An
Australian study conducted by North Sydney Environmental Protection Authority
(2015:1) highlight illegal dumping as an increasing concern in North Sydney
since 2004. The report states that household waste is the most common material
sent to  illegal dumping sites. However
it cannot be confined to a particular demographic. It concluded that any human
being is capable of dumping waste. According to this study there was no
evidence of relationship between  dumping
behaviour, education and income levels. This remains a significant because of
the questions that could not be explored with eSkotshi village study. If it was
not for other limitations it would have been worthwhile to compare dumping
behaviours in urbanised sections of the Ethekwini municipality to rural, and
previously marginalised areas where waste collection never existed before the
era of democracy.

There
are at least two research studies conducted in Ethekwini municipality on illegal
dumping. The study by (Abel, 2009) focused on perceptions of illegal dumping. One
finding says that people have a general belief that it is the duty of the
government to keep public spaces clean, Abel, (2009:5) therefore littering is
not a problem. The same study  singled
out waste building rubble piled by 
private owners to extend the slope. The rubble  has a potential to block storm water drainage,
sewer and contaminates nature. This becomes an environmental pollution act.

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Ngeleka
(2010:91) presents some finding and recommendations of a study conducted in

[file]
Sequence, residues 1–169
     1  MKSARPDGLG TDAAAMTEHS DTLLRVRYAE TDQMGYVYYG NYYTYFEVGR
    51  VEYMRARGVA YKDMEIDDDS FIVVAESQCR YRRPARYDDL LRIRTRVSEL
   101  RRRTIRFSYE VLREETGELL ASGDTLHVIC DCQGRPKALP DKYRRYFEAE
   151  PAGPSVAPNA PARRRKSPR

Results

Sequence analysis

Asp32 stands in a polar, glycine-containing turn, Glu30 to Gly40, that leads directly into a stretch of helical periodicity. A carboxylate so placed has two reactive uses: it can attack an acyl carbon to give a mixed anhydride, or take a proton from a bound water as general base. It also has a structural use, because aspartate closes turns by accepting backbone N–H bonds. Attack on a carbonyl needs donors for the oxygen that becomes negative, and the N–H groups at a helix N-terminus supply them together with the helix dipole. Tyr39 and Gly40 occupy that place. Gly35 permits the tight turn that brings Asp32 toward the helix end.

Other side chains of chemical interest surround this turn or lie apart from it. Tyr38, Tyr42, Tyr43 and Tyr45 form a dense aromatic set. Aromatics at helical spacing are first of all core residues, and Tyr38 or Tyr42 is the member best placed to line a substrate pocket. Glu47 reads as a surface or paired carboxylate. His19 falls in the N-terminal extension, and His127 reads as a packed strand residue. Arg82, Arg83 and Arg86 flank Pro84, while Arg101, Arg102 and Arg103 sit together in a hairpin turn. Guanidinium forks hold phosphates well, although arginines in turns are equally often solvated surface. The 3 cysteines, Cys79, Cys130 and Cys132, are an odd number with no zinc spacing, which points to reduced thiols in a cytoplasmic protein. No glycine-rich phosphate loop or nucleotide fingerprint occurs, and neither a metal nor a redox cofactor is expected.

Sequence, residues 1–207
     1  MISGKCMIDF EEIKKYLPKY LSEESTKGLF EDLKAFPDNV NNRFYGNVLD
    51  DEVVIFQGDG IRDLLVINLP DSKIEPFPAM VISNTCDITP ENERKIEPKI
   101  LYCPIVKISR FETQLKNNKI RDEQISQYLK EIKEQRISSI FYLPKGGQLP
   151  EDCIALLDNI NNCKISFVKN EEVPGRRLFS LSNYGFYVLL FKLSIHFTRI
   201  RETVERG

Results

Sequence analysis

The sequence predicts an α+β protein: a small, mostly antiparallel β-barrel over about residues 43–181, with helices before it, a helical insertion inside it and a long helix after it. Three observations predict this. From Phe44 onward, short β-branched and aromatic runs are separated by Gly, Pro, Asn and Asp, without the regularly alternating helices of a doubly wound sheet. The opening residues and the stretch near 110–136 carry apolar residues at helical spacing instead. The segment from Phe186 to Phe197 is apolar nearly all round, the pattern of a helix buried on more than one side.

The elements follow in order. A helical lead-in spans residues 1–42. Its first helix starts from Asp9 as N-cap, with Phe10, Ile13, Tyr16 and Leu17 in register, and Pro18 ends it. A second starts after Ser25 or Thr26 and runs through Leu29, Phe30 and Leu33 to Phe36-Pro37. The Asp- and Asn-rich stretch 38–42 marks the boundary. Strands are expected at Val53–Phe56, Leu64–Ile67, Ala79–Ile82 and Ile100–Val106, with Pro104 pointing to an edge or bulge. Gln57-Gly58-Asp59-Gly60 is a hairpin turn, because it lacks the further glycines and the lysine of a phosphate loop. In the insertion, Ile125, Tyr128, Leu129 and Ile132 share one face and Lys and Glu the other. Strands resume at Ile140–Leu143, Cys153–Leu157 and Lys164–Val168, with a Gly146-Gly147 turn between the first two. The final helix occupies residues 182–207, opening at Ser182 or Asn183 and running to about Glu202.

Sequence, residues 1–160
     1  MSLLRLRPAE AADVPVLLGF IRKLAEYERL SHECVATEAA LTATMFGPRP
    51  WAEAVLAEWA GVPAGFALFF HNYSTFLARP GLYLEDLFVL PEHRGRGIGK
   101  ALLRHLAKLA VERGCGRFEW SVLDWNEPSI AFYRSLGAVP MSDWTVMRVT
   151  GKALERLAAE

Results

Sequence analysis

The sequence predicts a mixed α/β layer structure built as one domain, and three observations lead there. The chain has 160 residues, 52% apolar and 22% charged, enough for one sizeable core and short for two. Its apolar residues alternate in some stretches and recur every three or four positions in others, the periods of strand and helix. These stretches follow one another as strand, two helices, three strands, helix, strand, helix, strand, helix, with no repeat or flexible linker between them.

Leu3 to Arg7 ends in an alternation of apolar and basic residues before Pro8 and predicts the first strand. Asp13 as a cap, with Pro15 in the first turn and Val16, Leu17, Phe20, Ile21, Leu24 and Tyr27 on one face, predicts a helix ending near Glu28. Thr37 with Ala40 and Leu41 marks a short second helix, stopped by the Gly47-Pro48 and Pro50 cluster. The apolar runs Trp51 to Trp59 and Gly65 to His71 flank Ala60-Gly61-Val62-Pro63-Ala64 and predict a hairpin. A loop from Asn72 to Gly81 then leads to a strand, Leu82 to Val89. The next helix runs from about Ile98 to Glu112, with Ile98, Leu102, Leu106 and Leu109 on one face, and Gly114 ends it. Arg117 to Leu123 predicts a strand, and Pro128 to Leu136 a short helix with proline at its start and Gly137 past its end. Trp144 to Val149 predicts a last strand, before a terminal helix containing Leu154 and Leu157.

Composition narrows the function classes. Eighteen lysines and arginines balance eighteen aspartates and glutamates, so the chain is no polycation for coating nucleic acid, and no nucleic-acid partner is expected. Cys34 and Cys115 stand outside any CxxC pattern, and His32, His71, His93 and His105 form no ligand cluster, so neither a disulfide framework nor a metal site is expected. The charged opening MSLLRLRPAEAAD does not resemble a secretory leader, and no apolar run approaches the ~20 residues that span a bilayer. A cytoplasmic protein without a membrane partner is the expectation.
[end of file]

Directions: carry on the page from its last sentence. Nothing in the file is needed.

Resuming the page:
Clermont KZN, thus highlighting that environmental problems like solid waste
management enjoy low priority in the community. According to Ngeleka, observations
have shown that there is illegal dumping in Clermont. People are more concerned
about meeting basic daily needs rather than worrying about the surrounding
environment and its immediate problems. There are various reasons stated by
people for practising illegal dumping. These types of conclusions leaves a lot
to be desired in as far as analysis of driving forces behind illegal dumping is
concerned. The results of the Ngaleka study speaks to objectives and identifies
gaps about awareness of environmental care and correct methods of waste disposal
by designated authority.

The
draft Integrated Waste Management Strategy,  (2016) for Ethekwini municipality speak to illegal
dumping. It highlights as follows: Poor waste removal services within a
specific area,  Lack of convenient
disposal sites;  Lack of public awareness
on the issue (http://www.durban.gov.za). This shows that the municipality is
aware of the illegal dumping problem. Nevertheless, Ethekwini Municipality is
the relevant authority for waste management in the area of study. The
municipality has a dedicated function of  Solid Waste Management.

 

Conclusion

Illegal
dumping remains a challenge in this municipality. This study will then
contribute to  mapping of the areas that
are affected by illegal dumping. The study will also make a contribution to
understanding reasons for dumping in the area where there is a waste collection
service. The waste collection service is rendered once a week. It is not known
why residence opt to dump their refuse. The hierarchy of waste management will
be chosen as the theoretical framework. It will help understand waste disposal
methods employed by the residents. The hierarchy of waste management will also
be useful in learning about favoured household waste methods over one another.